CORDIS - EU research results

Article Category

Article available in the following languages:

Training tomorrow’s volcano scientists in the eruption hotspot of Iceland

Iceland is one of the most active places in the world for volcanoes. Until early July, it proved to be the perfect location for a team of international researchers to explore the link between geothermal energy and magma – molten rock – deep below a volcano’s surface.

Fundamental Research icon Fundamental Research

Krafla is a caldera in northern Iceland that is part of a greater volcanic system. To date, it has erupted 29 times, with the last occurring in 1984. As one of the most active in all of Iceland, Krafla is also one of the most extensively examined volcanoes. What better place for nine PhD students to carry out their research than at a large central volcano as part of the EU-funded IMPROVE project? “The results of the deep drilling project in Krafla in 2009 have attracted worldwide attention, when drilling was carried out in magma at a depth of 2.1 km. That is one of the reasons why there is so much interest in Krafla in the scientific world,” explains Magnús Tumi Gudmundsson, a geophysicist at the University of Iceland’s Institute of Earth Sciences who led the research. The overall goal of this next generation of young scientists was to gain better insight into the relationship between the magma in the volcano and the overlying geothermal system. “The largest effort is being put into detailed studies of earthquake activity and surveys of the resistivity of the area,” states Prof. Gudmundsson. Using innovative methods in volcano science, the researchers performed experiments with greater accuracy than ever before to find places where magma lay at shallow depth. Other surveys included investigating surface deformation, gravity variations, geothermal fluid chemistry, CO2 flow and other features of the geothermal activity. IMPROVE (Innovative Multi-disciPlinary European Research training netwOrk on VolcanoEs) brings together nine academic and three industrial partners in Europe. Ending in August 2025, the 4-year project aims at training 15 PhD students, 9 of whom are carrying out their projects on Krafla. All positions started in March-August 2022 and last for 3 years. The Icelandic volcano and Italy’s Mount Etna are providing ideal conditions to develop advanced methods and a better understanding of the subsurface structure and dynamics at active volcanoes. The project includes multidisciplinary field experiments, network schools, specialised short courses, workshops, a network workshop on science-business relationships, digital training modules and a final conference. If you are interested in having your project featured as a ‘Project of the Month’ in an upcoming issue, please send us an email to and tell us why!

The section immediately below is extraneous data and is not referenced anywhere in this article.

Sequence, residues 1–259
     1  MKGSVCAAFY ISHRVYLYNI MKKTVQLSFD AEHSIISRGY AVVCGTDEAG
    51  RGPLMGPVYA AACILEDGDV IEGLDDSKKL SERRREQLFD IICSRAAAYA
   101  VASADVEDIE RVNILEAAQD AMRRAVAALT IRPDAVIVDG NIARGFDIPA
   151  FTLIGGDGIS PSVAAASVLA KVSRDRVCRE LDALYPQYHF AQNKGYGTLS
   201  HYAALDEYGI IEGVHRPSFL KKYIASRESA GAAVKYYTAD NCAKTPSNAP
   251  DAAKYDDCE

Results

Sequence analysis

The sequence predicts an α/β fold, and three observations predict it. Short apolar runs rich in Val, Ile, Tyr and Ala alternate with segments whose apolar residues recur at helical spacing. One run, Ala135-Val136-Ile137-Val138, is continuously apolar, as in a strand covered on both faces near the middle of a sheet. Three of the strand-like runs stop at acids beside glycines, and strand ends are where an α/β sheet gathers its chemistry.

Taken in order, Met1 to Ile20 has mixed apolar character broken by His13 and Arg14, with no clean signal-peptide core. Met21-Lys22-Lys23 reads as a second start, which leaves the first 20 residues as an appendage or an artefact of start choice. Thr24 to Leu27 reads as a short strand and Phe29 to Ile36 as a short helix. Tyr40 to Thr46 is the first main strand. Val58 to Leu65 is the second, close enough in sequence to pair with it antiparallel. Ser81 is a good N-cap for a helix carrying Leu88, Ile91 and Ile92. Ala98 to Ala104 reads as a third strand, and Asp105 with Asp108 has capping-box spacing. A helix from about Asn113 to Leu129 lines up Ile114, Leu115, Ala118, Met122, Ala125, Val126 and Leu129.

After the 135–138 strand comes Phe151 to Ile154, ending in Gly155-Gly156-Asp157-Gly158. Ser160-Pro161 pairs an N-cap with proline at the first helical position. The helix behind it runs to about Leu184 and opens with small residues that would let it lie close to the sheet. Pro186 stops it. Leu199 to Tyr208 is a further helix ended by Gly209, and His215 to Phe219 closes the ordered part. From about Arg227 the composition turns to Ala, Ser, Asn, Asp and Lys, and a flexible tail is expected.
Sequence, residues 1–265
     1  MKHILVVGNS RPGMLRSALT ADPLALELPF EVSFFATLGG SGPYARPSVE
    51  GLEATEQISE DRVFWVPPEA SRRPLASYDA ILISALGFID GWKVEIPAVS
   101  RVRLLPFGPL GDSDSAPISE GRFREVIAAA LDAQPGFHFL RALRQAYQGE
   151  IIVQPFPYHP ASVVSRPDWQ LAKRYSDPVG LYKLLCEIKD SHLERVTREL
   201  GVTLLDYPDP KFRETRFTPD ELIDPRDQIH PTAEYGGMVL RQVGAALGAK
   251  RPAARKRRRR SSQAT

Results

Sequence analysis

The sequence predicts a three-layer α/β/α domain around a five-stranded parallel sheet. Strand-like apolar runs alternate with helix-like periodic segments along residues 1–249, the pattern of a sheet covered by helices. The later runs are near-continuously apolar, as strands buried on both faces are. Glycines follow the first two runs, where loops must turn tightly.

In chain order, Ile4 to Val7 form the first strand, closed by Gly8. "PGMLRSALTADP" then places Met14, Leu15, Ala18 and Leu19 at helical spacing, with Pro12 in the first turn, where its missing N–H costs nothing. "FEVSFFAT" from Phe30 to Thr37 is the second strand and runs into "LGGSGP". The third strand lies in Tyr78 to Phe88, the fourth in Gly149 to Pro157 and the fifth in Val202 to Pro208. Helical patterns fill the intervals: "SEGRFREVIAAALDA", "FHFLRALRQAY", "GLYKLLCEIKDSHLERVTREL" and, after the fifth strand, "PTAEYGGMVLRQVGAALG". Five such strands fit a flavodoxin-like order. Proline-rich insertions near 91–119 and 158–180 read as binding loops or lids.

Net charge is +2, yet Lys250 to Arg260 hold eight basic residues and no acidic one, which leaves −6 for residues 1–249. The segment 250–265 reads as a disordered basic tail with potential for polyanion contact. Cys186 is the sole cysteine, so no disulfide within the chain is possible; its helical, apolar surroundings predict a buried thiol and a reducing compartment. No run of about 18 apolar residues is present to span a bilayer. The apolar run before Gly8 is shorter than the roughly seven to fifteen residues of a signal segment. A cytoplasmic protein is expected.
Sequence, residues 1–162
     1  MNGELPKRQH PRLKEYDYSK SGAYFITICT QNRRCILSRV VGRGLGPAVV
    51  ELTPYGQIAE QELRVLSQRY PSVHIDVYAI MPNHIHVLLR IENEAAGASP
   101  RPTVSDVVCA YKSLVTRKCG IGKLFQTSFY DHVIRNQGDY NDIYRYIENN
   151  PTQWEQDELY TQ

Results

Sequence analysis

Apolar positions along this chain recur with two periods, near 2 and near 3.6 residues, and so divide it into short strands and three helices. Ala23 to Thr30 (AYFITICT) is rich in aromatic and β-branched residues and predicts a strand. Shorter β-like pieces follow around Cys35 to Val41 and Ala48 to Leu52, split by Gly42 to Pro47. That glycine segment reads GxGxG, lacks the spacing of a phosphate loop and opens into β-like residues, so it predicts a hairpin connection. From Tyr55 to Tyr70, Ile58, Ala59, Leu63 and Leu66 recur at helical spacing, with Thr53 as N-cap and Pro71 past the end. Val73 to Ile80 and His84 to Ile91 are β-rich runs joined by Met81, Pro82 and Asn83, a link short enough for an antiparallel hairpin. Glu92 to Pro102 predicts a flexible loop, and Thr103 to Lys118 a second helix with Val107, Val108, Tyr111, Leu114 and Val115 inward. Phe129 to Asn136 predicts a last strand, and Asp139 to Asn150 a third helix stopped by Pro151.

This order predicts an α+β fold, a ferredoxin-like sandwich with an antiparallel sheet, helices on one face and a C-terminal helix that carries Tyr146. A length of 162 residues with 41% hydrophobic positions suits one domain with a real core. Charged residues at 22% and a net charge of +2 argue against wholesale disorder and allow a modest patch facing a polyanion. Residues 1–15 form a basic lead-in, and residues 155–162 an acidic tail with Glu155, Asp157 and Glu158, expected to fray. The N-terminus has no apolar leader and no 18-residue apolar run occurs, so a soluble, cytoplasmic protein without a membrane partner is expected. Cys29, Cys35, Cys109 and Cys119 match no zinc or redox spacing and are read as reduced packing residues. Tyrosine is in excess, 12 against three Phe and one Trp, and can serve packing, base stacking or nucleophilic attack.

IMPROVE, volcano, Krafla, Iceland, geothermal, magma, volcanic, eruption